Reports from America indicate that the Douglas Corporation will soon announce its design for a jet transport, presumably to be designated DC-8. Of the rumoured U.S. jetliner projects, the Douglas is is possibly nearest to construction, and the beginning of work on the prototype may coincide with the announcement of its existence. At a reported all-up weight of 145,000lb, the aircraft should have a capacity for 85-90 passengers. Its power-units - to be installed in "pods" and not buried in the wings - are likely to be four axial-flow turbojets of some 10,000lb thrust per unit; the choice of power-plant probably lies between the Pratt and Whitney J-57 and the Wright-built Sapphire. Wings will be swept back 35°, and a cruising speed of over 500 m.p.h is specified.

Skyrocket's 79,000ft

Late last summer the United States Navy officially announced in New York that a Douglas Skyrocket research aircraft had exceeded the world's absolute altitude record of 72,394ft, established by Capts. Orvil Anderson and Albert Stevens in a balloon in 1935. The machine had been launched from a Super fortress flying at 35,000ft, and although it was reported that a speed of about 1,000 m.p.h was achieved on the climb, no figure for height was divulged. Last week - on June 10th - the American National Advisory Committee for Aeronautics made a more definite announcement - to the effect that the Skyrocket, piloted by Major "Bill" Bridgeman, had reached a height of "better than 79,000ft". Thus, John Cunningham's official heavier-than-air record of 59,446ft, in a special De Havilland Ghost-Vampire on March 23rd, 1948, has probably been exceeded by at least 20,000ft.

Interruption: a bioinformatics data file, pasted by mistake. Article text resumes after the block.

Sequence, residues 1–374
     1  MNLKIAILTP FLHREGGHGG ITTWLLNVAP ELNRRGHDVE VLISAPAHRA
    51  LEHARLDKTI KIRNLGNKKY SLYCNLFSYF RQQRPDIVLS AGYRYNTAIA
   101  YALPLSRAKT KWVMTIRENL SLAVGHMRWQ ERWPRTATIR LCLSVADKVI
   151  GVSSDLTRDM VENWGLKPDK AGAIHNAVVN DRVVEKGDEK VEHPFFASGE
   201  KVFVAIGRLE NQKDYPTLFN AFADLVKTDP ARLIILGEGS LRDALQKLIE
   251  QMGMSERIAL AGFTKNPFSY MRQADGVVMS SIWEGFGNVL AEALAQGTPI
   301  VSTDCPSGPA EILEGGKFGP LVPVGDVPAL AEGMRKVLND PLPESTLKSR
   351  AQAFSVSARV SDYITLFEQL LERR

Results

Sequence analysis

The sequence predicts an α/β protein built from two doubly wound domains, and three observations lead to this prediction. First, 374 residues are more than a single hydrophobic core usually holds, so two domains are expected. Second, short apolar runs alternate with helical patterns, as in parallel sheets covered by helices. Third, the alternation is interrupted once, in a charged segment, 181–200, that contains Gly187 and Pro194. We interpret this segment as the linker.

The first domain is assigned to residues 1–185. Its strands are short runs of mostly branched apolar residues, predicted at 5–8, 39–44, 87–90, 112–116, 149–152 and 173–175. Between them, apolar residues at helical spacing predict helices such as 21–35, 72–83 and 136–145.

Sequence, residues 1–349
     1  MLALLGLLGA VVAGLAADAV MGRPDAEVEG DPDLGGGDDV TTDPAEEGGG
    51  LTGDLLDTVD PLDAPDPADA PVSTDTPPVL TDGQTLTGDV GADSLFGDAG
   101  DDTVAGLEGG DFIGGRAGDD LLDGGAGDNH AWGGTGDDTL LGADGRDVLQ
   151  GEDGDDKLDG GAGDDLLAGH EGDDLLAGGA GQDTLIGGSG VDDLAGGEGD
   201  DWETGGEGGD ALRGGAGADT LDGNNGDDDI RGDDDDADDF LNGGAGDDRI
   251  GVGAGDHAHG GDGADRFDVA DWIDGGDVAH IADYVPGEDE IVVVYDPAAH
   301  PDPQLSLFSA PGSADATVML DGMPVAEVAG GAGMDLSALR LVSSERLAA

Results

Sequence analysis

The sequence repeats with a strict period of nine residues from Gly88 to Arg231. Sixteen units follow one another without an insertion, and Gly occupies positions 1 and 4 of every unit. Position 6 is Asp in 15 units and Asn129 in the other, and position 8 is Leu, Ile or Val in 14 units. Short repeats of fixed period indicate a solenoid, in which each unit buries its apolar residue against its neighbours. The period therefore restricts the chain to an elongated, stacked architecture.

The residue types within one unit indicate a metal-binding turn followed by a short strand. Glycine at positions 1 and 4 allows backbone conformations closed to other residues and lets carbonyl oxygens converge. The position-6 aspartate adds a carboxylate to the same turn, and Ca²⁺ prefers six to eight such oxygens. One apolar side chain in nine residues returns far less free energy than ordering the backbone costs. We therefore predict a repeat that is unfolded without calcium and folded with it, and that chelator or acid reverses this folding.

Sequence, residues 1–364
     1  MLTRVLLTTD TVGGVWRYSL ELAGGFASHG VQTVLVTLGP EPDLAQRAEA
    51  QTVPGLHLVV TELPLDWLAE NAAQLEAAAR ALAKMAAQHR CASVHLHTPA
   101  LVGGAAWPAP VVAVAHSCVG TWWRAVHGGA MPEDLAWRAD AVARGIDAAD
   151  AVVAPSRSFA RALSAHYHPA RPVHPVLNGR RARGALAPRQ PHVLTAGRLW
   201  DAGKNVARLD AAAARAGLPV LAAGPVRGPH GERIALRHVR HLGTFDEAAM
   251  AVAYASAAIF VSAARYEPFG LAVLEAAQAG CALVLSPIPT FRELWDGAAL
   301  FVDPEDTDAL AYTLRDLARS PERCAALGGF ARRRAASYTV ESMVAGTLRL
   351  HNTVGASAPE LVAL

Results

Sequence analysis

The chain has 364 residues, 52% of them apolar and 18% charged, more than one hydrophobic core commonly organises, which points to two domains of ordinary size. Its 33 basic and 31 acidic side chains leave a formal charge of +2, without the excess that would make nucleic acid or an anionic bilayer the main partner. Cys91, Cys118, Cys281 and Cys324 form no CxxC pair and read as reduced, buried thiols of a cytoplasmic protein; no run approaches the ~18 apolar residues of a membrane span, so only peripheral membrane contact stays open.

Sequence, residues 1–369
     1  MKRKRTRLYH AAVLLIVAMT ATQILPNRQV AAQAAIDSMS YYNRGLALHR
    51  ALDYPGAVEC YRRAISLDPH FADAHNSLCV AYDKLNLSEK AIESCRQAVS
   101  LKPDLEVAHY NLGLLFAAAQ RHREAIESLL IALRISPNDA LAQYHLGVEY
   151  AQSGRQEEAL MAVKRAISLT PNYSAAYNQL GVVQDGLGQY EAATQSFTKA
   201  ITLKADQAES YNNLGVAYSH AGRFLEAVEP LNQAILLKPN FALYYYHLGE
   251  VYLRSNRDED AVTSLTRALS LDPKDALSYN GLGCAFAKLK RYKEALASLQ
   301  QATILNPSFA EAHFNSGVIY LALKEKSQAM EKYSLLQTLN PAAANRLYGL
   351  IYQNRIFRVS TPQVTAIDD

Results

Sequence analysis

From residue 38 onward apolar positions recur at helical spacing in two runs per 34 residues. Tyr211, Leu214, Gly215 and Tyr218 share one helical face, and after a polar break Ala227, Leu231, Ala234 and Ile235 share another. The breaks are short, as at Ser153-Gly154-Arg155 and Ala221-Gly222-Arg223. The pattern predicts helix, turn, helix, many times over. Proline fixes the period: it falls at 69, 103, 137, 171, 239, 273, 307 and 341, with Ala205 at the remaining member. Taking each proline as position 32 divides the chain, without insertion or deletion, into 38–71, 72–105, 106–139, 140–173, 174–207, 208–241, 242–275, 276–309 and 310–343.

Charter Accident

An Airspeed Consul of Morton Air Services descended into the English Channel on Saturday, apparently (according to survivors' stories) after partial failure of one or both engines. The aircraft had been chartered to fly seven passengers from Croydon to Le Mans. Five of the passengers were rescued by the U.S. ship American Miller, but three died soon afterwards; the bodies of the pilot (Capt. Page) and two remaining passengers had not been recovered at the time of going to press.

Source: Flight International